5. Anne —

    I appreciate your response. I agree with you that writers must write according to their own muses and not according to program or manifesto. We certainly don’t want all literature, even all Jewish literature, to follow a single pattern. I do think, however, that modern Jewish literature is the poorer for not having more writers who engage and contend with our tradition and our rich ancient literature. It’s a sign of poverty of knowledge and imagination that for so many Jewish writers the history of their people begins with the Holocaust and its literature with, at best, Shalom Aleichem.

    And Steve — Arik Einstein did a whole album of Halfi songs with Rechter. Two of them, “Atur Mitzeich” and “Tza’ar Li” made it on to his greatest hits album, so you hear them all the time. Both songs get my spine tingling.

  6. Haim, you are a bit confused. You have conflated the Rabbinic culture and its sedimented discourse with “Judaism.” In reality, “Judaism” is practiced or claimed to be practiced by many people with little knowledge or fealty to this elite discourse. Truthfully, one must realize that you go farther and delegitimize the claim to a “past” on the part of those not conversant with this language. Preserving the hegemony of rabbinic historiography, you take the profound sense of loss one might get out of the Mishnah’s haunting lines and make it a proscriptive statement. One way to approach this Mishnah might be as a polemic against those interests that represented the past. The temple cult has been eclipsed and now we are in a new era of Mishnaic codification as a way of serving God. The past is valued but only inasmuch as it has passed; those Jewish gastronomes who nostalgically seek out shtetl foods in New York are ready to give up neither their Ossobucco the next night nor their running water, even if they ape respect for the culinary treats of Berdichev. So too the Rabbis were not going back to the past, in their very nostalgia they were a living breathing effacement of that past.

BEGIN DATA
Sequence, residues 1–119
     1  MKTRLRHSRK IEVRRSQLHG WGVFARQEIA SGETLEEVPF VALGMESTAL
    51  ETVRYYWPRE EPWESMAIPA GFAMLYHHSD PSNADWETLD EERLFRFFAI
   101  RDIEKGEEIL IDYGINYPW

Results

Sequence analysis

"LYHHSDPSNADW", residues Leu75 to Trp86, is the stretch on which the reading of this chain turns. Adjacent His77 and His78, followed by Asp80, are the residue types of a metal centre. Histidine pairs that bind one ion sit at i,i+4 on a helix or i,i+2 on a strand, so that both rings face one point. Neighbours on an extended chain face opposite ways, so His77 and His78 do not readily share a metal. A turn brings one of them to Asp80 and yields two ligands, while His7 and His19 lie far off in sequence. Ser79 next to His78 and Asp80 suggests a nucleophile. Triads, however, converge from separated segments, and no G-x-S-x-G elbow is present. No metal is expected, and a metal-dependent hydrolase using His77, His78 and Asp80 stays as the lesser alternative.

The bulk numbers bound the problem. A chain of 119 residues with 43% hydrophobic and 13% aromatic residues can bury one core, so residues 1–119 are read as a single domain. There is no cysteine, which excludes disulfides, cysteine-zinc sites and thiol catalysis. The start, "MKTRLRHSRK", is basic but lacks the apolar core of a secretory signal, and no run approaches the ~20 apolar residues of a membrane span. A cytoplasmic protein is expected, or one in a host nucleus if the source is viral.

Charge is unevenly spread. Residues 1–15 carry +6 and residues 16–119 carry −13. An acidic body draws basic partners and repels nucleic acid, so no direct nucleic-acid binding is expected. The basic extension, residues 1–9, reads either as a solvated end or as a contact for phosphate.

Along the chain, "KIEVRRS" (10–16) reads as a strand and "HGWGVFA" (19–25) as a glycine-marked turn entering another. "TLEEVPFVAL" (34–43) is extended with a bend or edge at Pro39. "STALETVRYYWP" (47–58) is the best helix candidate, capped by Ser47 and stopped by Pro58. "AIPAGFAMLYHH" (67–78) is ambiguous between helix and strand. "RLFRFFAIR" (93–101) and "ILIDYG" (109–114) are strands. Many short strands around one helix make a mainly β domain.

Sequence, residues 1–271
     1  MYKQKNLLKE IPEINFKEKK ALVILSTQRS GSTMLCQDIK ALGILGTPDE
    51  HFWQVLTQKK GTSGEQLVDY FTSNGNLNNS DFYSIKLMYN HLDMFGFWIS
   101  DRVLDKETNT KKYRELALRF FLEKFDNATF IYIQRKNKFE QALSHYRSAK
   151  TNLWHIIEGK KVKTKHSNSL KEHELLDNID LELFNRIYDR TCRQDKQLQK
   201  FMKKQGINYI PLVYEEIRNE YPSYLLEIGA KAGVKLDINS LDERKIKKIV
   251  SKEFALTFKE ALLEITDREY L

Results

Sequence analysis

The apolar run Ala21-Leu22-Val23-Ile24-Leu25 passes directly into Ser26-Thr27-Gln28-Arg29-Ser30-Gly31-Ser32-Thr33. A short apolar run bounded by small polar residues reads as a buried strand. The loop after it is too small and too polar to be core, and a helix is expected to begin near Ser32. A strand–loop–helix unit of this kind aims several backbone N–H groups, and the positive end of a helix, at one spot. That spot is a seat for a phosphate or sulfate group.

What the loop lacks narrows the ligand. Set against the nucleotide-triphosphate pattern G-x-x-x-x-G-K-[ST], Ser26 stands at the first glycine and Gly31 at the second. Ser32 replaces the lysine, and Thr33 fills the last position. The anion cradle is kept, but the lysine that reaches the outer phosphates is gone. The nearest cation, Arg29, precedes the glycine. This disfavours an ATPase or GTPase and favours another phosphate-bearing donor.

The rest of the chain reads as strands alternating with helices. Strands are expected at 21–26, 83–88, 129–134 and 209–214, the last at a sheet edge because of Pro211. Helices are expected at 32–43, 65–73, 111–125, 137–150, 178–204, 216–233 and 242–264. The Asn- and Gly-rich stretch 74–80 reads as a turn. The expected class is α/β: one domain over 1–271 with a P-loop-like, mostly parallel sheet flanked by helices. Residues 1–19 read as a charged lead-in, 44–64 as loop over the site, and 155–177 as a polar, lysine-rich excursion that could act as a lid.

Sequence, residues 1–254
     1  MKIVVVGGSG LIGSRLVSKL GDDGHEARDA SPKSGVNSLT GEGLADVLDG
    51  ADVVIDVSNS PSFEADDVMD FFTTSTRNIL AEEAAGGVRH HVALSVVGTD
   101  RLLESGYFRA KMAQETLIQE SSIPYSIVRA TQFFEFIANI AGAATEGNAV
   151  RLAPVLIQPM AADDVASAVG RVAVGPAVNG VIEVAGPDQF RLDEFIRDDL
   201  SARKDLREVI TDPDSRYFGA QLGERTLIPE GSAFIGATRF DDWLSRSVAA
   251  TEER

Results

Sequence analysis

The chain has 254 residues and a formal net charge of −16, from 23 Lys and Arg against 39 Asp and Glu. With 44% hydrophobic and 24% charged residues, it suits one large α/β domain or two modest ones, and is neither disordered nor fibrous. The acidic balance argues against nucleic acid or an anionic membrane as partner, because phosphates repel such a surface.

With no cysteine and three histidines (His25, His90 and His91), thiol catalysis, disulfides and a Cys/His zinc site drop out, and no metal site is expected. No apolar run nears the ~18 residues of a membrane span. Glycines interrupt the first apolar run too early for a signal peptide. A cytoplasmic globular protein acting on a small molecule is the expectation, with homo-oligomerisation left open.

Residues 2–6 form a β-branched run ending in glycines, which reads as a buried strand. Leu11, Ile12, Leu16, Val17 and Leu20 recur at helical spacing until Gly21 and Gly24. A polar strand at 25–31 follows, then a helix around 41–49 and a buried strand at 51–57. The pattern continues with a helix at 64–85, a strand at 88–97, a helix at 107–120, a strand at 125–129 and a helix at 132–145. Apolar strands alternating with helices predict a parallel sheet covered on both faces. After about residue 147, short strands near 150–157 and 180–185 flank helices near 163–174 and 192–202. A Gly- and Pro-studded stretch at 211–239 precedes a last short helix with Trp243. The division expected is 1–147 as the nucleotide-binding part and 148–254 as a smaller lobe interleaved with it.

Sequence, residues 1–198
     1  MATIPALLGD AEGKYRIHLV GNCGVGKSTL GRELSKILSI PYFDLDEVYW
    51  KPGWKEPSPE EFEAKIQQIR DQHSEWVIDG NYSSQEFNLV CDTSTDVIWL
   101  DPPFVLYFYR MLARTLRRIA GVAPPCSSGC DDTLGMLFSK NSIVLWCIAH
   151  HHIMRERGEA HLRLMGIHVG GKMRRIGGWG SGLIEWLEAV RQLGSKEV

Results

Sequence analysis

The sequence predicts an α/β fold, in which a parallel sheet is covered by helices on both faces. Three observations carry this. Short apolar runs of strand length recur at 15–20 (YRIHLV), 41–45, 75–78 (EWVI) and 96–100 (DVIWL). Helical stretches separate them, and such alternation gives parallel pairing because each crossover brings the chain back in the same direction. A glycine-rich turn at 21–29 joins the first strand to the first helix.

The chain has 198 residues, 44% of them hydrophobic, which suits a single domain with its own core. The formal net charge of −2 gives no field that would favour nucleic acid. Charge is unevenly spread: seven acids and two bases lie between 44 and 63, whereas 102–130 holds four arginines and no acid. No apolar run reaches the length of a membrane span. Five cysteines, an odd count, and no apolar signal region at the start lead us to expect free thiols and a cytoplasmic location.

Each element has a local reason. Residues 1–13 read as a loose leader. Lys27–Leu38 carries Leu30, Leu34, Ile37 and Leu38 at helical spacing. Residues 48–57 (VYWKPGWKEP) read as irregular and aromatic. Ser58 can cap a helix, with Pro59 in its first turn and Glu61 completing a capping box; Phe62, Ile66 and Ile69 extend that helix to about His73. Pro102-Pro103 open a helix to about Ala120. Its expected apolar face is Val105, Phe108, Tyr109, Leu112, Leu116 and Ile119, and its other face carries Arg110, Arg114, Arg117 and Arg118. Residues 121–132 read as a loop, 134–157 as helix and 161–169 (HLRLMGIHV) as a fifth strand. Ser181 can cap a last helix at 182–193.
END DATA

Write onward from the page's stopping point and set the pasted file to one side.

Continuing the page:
Going back to the lacunae in our own literature, your mode of misreading presents us with a mode of understanding what you see as the lack of situation in a tradition in modern Jewish literature. In fact, the world has changed, metaphysics has closed up shop, and someone with less hesitation than I have might say that the Mishnaic Rabbis of our time are philandering in Tel Aviv or Williamsburg, churning out that great novel, as the case may be.
    Self conscious situation in a tradition is an aping of that tradition; the lowest form of mimesis that shows you a tradition is dead. Looking at Haredi melitzah, one hears less the echoes of that exalted Baroque art (love it or hate it) then people desperate to establish legitimacy through strategic mining and depletion of those same rhetorical resources. I love Ovadia Yosef, but isn’t it pathetic how he must pretend to restore a Maran who never was, and bring back an Atarah which never rested on the Sephardic world? Is this not like Al Qaeda, who, dropped in the al Andalus they want to reclaim, would be confused by the wine parties and even more so by the fact that the Islamic State of Almighty Allah would employ perfidious Jew folk as its accountants, landowners, and even high ministers? I cannot address your misplaced nostalgia for some literature that exists in some completely explicit oedipal realm (I would call such a book bad literature). But I would suggest that the melancholy reframing of such an idealized past as trophies hanging on the wall hides deeper and more pervasive anxieties about the future which you have already written off. Perhaps what you are really saying is that Judaism is over?